SAN FRANCISCO, CA--Future increases in wind strength along the California coast may have far-reaching effects, including more intense upwelling of cold water along the coast early in the season and increased fire danger in Southern California, according to researchers at the Climate Change and Impacts Laboratory at the University of California, Santa Cruz.
Earth scientist Mark Snyder will present the findings in a poster titled "Future Changes in Surface Winds in the Western U.S. due to Climate Change" at the Fall Meeting of the American Geophysical Union (AGU) in San Francisco on Friday, December 19.
Snyder's group used a regional climate model to study how the climate along the U.S. West Coast might change in the future as a result of global warming driven by increasing atmospheric concentrations of greenhouse gases. The results suggest that a general increase in wind speeds along the coast is likely to accompany regional changes in climate.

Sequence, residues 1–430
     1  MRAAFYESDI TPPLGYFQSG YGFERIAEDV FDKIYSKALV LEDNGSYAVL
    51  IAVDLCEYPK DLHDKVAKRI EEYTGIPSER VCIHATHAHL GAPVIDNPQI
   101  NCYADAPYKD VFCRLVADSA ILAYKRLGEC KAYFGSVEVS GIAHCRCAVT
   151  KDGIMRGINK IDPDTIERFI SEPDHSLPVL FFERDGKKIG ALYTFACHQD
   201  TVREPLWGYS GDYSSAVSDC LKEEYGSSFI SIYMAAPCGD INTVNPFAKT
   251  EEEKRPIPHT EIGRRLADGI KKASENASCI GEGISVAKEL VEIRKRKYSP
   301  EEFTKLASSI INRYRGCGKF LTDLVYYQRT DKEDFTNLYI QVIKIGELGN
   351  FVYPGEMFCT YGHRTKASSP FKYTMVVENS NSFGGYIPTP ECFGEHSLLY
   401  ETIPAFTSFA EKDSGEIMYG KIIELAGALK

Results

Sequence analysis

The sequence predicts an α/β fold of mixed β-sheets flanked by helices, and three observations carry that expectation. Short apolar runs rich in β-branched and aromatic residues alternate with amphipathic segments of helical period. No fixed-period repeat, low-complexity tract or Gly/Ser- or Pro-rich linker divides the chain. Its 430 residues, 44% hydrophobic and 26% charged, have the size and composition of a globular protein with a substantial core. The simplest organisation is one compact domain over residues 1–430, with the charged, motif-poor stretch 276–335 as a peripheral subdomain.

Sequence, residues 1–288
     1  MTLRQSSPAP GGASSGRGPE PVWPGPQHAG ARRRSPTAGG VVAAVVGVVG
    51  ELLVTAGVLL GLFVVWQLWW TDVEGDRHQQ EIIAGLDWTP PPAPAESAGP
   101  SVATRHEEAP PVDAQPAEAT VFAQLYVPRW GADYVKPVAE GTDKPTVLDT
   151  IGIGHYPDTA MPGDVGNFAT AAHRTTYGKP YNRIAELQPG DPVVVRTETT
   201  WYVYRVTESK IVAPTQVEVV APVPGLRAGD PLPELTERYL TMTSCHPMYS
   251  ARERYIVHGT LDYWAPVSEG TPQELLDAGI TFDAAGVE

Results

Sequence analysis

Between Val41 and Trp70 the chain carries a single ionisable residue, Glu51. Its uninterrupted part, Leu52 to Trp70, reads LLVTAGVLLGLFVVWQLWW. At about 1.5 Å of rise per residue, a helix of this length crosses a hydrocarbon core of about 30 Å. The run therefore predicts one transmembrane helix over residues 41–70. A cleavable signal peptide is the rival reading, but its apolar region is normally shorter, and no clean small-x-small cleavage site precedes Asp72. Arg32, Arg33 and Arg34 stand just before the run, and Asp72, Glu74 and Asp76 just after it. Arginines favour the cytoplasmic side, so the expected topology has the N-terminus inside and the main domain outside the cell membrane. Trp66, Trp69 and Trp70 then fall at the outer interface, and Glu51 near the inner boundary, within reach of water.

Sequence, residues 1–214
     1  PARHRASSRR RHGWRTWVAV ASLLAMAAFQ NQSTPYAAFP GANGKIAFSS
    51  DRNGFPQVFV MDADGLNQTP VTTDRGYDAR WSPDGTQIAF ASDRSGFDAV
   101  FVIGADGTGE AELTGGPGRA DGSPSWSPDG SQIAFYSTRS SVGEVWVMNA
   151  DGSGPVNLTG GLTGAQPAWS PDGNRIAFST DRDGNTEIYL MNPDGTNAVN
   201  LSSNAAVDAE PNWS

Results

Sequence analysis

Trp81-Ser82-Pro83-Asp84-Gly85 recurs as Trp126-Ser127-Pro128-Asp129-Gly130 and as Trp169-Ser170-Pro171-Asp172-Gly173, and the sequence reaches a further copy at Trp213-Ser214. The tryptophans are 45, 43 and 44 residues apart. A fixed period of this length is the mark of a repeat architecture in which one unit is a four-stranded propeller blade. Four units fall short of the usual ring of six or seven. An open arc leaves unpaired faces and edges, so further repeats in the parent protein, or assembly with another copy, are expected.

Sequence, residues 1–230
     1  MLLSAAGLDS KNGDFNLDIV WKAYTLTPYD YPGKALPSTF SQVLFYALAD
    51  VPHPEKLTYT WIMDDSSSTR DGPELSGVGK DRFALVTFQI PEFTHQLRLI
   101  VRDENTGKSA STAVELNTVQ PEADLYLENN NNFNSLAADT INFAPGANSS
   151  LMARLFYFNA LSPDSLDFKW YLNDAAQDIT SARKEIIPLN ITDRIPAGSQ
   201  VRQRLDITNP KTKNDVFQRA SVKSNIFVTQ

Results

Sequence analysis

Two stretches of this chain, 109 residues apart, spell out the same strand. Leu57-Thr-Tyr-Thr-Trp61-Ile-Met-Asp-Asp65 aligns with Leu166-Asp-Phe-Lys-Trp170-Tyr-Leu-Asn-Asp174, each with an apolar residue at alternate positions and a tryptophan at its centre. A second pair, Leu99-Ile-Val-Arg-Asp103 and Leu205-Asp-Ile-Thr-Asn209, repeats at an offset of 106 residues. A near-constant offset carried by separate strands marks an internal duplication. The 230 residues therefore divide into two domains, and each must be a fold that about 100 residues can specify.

"What we think is going on is that land temperatures are increasing at a faster rate than the ocean temperatures, and this thermal gradient between the land and the ocean is driving increased winds," Snyder said.
The researchers conducted multiple runs of their regional model to compare simulations of the coastal climate for two time periods: 1968 to 2000 ("modern climate") and 2038 to 2070 ("future climate"). The regional model was driven by input from the global climate models used in the most recent report of the Intergovernmental Panel on Climate Change (IPCC AR4). The future climate projections were based on a "high-growth" emissions scenario (A2) thought to provide an upper range of possible future climates, although Snyder noted that recent global carbon dioxide emissions have exceeded even the highest projections of earlier IPCC reports.
The results showed increases in wind speeds of up to 2 meters per second, which is a large change in relation to current average wind
|Contact: Tim Stephens|
University of California - Santa Cruz